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Onus of reviving peace talks on Kabul, insists Pakistan
Publication Date : 23-10-2012
With a stalemate in the Afghan reconciliation process lingering, Pakistan has insisted that it has already done enough and that the onus of putting the peace process back on track lies with Kabul.
“The reconciliation process got stalled because the Taliban were not offered any tangible incentive,” an official said yesterday during a background discussion on the peace talks with insurgents in Afghanistan — a process that has been virtually on hold since March.
He said the responsibility for resuscitating the reconciliation exercise rested with the Afghan government which needed to come up with the right kind of package to offer to the fighters.
Pakistan has long been seen as crucial to peace and stability in Afghanistan, but during the session it appeared that it was no longer willing to work with an unspecified plan of action and undefined terms and conditions.
“How long would we keep issuing appeals to insurgents to join the peace process? We have made our contribution. If they (Afghan government) haven’t been able to convince them (Taliban), how do they expect us to do that.”
Pakistan appealed to the warring factions in Afghanistan in February to join an "intra-Afghan process" for advancing the cause of reconciliation and peace in the war-ravaged country.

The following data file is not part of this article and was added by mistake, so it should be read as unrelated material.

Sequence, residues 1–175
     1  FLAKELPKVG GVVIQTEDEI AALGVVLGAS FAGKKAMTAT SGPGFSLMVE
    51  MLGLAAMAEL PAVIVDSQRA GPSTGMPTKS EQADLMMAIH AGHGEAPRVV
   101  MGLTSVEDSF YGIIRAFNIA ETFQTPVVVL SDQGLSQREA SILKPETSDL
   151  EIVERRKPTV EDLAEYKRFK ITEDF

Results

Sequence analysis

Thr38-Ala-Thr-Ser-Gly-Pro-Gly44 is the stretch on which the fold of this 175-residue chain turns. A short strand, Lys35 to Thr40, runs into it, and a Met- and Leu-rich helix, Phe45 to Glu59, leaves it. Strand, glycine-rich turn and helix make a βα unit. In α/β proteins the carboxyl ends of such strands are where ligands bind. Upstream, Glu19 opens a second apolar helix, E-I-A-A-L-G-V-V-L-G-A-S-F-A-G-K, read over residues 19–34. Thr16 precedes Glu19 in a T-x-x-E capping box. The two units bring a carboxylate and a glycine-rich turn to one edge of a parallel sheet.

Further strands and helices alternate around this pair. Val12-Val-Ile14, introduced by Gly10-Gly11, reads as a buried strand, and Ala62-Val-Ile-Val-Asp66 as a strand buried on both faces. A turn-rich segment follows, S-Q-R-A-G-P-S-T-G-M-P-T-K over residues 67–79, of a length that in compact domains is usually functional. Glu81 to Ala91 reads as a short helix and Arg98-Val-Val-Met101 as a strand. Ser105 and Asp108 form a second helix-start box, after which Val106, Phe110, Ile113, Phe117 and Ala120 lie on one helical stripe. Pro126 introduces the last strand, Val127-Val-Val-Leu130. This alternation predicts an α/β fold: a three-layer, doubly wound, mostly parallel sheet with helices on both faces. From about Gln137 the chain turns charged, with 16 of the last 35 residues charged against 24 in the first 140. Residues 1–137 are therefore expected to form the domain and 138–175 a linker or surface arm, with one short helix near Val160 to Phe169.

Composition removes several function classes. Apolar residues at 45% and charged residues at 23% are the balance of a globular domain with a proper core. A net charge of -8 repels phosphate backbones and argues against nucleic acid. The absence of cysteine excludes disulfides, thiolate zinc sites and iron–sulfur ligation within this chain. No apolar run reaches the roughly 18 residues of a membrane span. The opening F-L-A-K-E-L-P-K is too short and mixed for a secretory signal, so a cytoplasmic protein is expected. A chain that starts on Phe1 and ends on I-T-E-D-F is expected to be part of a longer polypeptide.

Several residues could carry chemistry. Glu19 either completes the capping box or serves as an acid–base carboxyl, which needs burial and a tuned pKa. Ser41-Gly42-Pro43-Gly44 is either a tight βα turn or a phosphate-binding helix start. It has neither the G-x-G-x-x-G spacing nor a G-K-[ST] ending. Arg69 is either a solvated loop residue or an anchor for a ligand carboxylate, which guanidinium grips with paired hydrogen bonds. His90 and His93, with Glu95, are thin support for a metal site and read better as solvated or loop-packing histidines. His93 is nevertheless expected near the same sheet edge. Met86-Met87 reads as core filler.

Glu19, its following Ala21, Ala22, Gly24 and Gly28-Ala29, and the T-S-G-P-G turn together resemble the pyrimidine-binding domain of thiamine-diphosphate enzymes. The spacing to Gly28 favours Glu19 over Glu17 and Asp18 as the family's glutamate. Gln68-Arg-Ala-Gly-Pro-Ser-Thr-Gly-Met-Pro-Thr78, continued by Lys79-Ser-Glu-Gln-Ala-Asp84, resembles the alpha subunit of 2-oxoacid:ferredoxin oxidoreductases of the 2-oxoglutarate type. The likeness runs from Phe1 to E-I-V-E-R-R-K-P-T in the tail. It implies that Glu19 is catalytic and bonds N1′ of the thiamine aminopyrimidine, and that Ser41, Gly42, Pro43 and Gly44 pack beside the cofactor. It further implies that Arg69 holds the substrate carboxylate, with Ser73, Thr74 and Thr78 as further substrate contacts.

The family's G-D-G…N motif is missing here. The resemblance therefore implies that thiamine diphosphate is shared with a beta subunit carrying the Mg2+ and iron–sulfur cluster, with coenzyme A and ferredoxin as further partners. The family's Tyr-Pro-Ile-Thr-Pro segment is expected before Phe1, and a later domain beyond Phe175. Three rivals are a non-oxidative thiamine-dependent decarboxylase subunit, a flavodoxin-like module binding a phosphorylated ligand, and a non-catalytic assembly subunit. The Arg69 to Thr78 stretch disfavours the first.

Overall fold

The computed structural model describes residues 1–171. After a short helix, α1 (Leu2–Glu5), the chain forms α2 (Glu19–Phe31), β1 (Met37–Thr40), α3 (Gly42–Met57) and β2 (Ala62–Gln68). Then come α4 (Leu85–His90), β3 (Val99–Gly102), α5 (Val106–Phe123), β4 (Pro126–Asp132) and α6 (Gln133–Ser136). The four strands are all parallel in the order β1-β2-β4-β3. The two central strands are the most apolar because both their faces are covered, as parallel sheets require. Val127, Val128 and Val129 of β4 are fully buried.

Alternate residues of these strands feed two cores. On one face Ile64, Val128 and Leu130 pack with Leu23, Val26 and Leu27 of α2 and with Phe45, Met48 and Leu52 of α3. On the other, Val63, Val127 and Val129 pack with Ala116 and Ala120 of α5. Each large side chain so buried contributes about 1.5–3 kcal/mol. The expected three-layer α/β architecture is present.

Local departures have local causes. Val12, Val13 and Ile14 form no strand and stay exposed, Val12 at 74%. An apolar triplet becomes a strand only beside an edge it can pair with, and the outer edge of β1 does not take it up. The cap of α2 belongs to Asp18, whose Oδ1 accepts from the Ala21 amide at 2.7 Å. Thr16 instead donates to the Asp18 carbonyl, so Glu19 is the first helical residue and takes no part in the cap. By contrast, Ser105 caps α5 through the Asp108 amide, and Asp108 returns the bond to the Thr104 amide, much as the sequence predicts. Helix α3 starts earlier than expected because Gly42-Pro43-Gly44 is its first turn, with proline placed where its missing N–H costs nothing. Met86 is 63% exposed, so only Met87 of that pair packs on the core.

The two countries had set up a joint commission on peace and reconciliation last year.
Lately, Pakistan has been working for providing safe passage to "reconcilable Taliban" and their delisting from a United Nations sanctions list. However, nothing concrete has so far been achieved.
“The question is whether the Afghan government has developed consensus over reconciling with the Taliban,” the official said.
The Afghan High Peace Council, tasked with leading the reconciliation process, is said to be facing internal divisions.
While one group comprising former Taliban is pushing for rapprochement with senior cadres of the group, another is for reaching out to mid-level insurgents and yet another one supports preserving the progress achieved during the past 10 years.
With such divisions, analysts say, it would be unrealistic to expect of the council to make any meaningful progress.
The government has been looking forward to a visit by High Peace Council chief Salahuddin Rabbani to discuss Afghan expectations about Pakistan’s help for the process. An invitation for Rabbani was renewed during last month’s trilateral summit in New York involving Pakistan, the United States and Afghanistan.
Meanwhile, in a related development which has more to do with building trust with Afghanistan, Pakistan has started pushing for enhanced military and intelligence interactions.
“An increase in interaction at the military and intel level would help us work out many of our differences,” the official said, adding that an increased frequency of engagement at the political level had paid dividends in the shape of a better understanding of the Pakistani position in Kabul.
It is believed that increased engagement between the militaries and intelligence organisations would help both countries in improving border management and security situation.
The army has developed standard operating procedures for shelling in response to cross-border raids by Pakistani Taliban having sanctuaries in eastern Afghanistan, the official disclosed.
“It will have to be authorised at a certain level and will be target specific.”